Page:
**Master this fundamental algebraic skill which you will need on test day! **

First, try these practice problems.

1)

(A) (x – 4)(x + 6)

(B) (x + 4)(x – 6)

(C) (x – 4)(x – 6)

(D) (x – 2)(x + 12)

(E) (x + 2)(x – 12)

3) If , then |a| + |b| + |c| + |d|

(A) 10

(B) 12

(C) 15

(D) 18

(E) 20

If these are easy for you, you probably have already mastered factoring: kudos to you! If these confuse you, you have found just the post you need.

## Terminology

You don’t need to know any of this terminology for the GMAT, but we need it just to talk about these ideas in words.

A **binomial** is a polynomial with two terms: all five answer choices to question #1 are the product of two binomials. A **quadratic** is a polynomial with three terms whose highest power is x-squared: the stem of question #1 is a quadratic, and the stem of question #2 is a ratio of two quadratics. To factor a quadratic is to express it as the product of two binomials. Question #1 is a straightforward “factor the quadratic” problem. Question #2 involves factoring both quadratics, in the numerator and in the denominator, and then cancelling a common factor.

Technically, any quadratic could be factored, but often the result would be two binomials with horribly ugly numbers — radicals, or even non-real numbers. You will ** not** have to deal with those cases on the GMAT. We call a quadratic “factorable” if, when you factor it, the resulting equation has only integers appearing. You will only have to factor “factorable” quadratics on the GMAT.

Sometimes, factoring quadratics involves quadratic like that in #3, with a leading coefficient (the coefficient of the x-squared term) is an integer other than 1. These are considerably harder, and you will only see one like this if you are getting most of the math questions correct and the CAT is feeding you one 700-level question after another.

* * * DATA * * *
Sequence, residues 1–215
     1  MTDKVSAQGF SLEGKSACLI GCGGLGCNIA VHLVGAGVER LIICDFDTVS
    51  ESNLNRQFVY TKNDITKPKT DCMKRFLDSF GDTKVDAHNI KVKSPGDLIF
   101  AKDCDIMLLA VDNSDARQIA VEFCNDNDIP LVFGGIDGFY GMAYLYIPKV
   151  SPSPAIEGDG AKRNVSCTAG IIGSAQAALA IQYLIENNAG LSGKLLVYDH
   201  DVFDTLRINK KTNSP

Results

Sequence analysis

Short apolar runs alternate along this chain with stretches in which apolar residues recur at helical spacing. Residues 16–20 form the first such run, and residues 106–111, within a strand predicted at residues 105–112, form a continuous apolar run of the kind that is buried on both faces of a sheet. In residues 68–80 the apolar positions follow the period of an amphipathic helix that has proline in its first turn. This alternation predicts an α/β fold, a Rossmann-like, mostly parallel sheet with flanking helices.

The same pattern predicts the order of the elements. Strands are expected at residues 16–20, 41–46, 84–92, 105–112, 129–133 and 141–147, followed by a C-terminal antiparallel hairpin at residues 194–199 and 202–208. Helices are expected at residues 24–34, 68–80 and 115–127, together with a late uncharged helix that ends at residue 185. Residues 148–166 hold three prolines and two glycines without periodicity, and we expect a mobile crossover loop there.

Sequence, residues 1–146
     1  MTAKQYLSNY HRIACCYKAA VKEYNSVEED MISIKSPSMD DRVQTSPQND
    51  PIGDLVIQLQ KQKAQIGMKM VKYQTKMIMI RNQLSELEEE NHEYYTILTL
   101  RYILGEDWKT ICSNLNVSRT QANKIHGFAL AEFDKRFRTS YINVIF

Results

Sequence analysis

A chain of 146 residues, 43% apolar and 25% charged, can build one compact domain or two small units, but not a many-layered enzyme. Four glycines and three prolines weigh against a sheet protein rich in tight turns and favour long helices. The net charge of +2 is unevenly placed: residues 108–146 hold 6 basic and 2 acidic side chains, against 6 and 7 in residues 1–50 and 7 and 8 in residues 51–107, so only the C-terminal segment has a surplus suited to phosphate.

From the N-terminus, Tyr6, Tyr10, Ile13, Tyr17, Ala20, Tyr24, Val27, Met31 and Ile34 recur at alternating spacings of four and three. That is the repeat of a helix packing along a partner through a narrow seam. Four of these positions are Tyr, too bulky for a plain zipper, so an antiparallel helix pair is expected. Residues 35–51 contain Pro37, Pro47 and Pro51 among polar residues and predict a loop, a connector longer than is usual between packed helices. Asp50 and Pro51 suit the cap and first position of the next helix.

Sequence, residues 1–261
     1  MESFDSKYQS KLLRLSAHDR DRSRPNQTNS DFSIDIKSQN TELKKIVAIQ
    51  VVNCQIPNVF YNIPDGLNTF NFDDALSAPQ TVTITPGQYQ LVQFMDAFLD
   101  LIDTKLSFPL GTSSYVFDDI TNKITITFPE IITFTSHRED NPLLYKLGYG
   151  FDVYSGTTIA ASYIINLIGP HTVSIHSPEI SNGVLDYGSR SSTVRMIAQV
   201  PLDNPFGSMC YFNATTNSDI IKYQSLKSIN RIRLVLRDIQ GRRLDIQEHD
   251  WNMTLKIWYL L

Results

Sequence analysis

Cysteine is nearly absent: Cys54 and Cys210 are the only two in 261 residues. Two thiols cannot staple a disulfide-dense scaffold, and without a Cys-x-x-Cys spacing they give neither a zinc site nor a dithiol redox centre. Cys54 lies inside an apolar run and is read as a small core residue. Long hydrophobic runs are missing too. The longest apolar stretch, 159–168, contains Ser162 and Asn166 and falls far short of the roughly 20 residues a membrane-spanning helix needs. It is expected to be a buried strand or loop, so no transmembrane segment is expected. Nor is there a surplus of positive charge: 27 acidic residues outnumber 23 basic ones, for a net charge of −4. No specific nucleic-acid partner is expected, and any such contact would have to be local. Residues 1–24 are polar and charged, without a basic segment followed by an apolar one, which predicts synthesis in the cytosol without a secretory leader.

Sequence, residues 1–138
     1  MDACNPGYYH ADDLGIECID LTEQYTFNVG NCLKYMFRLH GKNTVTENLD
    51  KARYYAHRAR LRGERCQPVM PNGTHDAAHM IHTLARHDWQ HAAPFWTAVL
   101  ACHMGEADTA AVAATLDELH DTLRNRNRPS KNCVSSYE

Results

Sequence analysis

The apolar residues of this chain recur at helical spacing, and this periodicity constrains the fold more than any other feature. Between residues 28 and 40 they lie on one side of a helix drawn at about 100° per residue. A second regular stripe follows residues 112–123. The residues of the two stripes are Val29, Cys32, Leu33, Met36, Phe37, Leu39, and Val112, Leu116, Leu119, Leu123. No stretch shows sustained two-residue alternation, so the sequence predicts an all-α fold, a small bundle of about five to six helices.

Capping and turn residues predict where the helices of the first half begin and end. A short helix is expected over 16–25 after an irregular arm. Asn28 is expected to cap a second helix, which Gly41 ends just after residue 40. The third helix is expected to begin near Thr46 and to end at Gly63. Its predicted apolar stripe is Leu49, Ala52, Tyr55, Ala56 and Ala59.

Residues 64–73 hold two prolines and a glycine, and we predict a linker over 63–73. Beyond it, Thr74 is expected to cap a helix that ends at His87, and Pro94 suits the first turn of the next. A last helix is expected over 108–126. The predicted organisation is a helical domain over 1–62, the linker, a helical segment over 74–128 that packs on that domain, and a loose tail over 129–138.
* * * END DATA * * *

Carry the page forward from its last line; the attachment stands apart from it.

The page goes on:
## The secret of factoring: FOIL

The best way to understand factoring well is first to understand FOILing well. Suppose we multiply two binomials:

Notice, if we follow the FOIL process forward, then we see two things. First, the middle coefficient, the coefficient of the x term, is the sum of the two numbers. Second, the final term, the constant term with no x, is a product of the two numbers. Right there, that’s the key of factoring. **If I want to factor any polynomial of the form , then to factor it, we are looking for two numbers that have a product of c and a sum of b**.

Things get a little complicated when some negative signs are floating around, so here’s a table, for all cases, for the two numbers, p and q, we need to find to factor the quadratic. In the table that follows, b is the coefficient of the x-term, c is the constant term with no x, and both of those are given in the quadratic; p & q are the two numbers we need to factor the quadratic into (x + p)(x + q).

BTW, I highly recommend NOT memorizing the above chart, but rather, thinking it through, and doing FOIL examples for each case, to convince yourself of the patterns and to ingrain them into your memory.